Prosecutors drop remaining charges against Barry Bonds
Federal prosecutors dropped all the remaining charges against Barry Bonds on Wednesday, days after a judge upheld the slugger's conviction on an obstruction of justice count.
TIMELINE: The case against Barry Bonds
December 4, 2003 — Bonds testifies before a federal grand jury in San Francisco investigating the Bay Area Laboratory Co-Operative (BALCO).
Feb. 12, 2004 — Bonds' personal trainer, Greg Anderson among several BALCO-related figures charged in a 42-count federal indictment of running a steroid-distribution ring.
Dec. 3, 2004 — The San Francisco Chronicle reports Bonds testified to the grand jury that he used a clear substance and a cream given to him by Anderson, but said he didn't know they were steroids.
Oct. 18, 2005 — Anderson is sentenced to three months in prison and three months in home confinement.Nov. 15, 2007 — Bonds is indicted on five felony counts of perjury and obstruction of justice for allegedly lying when he testified he never knowingly used performance-enhancing drugs.
Dec. 7, 2007 — Bonds pleads not guilty.
May 13, 2008 — Bonds is charged in superseding indictment with 15 felony counts alleging he lied to a grand jury when he denied knowingly using performance-enhancing drugs and that he hampered the federal government's doping investigation.
Nov. 24, 2008 — Three charges against Bonds are dismissed by U.S. District Judge Susan Illston.
Dec. 4, 2008 — Bonds is charged in second superseding indictment with 10 counts of making false statements plus an additional obstruction of justice charge.
Feb. 27, 2009 — Bonds' trial is delayed after federal prosecutors notify Illston they will appeal her decision to exclude evidence, including three urine tests.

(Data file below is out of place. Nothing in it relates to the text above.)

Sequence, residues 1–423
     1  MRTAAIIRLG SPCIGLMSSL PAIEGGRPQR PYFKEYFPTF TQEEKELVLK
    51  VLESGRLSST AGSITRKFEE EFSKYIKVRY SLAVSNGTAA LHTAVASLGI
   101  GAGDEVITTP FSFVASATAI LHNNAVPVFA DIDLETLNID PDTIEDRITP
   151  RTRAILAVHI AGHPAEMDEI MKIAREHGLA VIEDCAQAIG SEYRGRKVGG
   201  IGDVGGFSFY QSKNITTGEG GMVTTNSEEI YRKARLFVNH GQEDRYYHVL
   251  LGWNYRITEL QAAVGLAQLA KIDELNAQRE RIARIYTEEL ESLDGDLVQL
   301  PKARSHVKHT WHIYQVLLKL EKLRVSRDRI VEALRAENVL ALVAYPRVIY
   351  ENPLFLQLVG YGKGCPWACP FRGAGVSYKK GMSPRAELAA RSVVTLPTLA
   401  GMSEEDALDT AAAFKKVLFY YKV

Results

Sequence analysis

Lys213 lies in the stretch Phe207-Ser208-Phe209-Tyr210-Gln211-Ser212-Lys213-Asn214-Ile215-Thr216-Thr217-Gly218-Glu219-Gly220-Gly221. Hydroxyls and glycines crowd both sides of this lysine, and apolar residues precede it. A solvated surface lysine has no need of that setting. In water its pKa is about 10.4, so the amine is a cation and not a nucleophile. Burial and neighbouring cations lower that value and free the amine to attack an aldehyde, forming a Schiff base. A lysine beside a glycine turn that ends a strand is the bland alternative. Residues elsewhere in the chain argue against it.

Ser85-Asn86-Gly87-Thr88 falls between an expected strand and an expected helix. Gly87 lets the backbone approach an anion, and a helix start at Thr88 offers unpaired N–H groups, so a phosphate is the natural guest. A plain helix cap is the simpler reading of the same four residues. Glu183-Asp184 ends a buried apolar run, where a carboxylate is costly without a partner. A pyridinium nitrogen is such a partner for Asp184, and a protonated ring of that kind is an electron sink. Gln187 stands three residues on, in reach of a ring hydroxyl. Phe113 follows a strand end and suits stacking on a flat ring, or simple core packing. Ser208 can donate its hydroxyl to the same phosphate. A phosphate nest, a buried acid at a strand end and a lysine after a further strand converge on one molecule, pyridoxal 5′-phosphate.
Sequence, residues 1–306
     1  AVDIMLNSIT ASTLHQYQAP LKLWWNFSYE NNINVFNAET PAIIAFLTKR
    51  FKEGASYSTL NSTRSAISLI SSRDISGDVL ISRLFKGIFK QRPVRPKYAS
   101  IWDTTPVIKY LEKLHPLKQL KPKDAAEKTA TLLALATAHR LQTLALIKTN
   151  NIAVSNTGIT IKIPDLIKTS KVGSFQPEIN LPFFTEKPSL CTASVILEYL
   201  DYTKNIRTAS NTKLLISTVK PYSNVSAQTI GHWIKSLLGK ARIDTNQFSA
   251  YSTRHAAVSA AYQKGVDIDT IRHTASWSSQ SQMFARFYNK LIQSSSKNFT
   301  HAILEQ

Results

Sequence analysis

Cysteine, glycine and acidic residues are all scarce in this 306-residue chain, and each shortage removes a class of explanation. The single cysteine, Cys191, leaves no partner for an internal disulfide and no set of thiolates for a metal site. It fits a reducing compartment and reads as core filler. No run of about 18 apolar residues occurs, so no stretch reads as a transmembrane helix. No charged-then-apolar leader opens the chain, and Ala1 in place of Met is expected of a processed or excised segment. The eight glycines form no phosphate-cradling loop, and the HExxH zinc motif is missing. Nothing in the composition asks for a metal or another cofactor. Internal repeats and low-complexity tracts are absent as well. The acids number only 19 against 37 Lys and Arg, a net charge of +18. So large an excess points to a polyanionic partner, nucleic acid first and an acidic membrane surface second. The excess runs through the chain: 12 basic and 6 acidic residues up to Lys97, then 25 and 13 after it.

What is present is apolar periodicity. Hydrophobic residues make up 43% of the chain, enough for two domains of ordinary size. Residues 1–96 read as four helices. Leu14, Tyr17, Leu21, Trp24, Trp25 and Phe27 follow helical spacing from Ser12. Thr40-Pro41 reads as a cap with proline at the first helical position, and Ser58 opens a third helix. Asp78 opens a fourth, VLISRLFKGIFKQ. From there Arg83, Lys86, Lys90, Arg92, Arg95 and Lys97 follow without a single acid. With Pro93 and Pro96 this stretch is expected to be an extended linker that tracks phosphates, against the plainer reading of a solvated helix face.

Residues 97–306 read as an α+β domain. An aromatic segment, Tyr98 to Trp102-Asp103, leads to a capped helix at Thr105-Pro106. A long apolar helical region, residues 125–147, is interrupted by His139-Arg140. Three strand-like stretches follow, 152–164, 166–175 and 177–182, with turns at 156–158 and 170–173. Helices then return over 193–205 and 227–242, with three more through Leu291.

June 11, 2010 — A three-judge panel of the 9th U.S. Circuit Court of Appeals upholds Illston.
Feb. 10, 2011 — Bonds is charged in third superseding indictment with four counts of making false statements plus an additional obstruction of justice charge. Each count carries sentence of up to 10 years in prison if convicted.
March 21, 2011 — Trial scheduled to begin.
April 6, 2011— Illston agrees to dismiss one of the counts accusing Bonds of making a false statement.
April 13, 2011 — Jury finds Barry Bonds guilty of one count of obstruction of justice, fails to reach verdict on three other counts that Bonds lied to a grand jury when he denied knowingly using steroids and human growth hormone.
Aug. 26, 2011 — Illston upholds obstruction of justice conviction.
Aug. 31, 2011 — Prosecutors drop all remaining charges on Bonds.
November 2012 — Bonds is to appear on Hall of Fame ballot for the first time.
— The Associated Press
The U.S. attorney's office in San Francisco filed court papers informing U.S. District Judge Susan Illston it was dismissing the three charges of making false statements still pending against Bonds, Major League Baseball's all-time home runs leader. A jury deadlocked on the three counts at Bonds' trial in April.